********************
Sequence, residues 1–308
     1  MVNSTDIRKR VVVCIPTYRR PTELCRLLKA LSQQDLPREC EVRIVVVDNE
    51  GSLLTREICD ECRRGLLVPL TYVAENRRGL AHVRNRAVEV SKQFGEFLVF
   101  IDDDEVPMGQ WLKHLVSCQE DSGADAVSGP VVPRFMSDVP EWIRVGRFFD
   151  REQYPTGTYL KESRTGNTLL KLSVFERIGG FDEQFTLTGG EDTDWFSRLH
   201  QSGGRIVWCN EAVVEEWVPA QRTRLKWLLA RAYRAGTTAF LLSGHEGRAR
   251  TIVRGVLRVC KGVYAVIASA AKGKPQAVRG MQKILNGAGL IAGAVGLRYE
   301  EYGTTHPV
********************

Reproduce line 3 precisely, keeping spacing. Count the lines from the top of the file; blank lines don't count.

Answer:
    51  GSLLTREICD ECRRGLLVPL TYVAENRRGL AHVRNRAVEV SKQFGEFLVF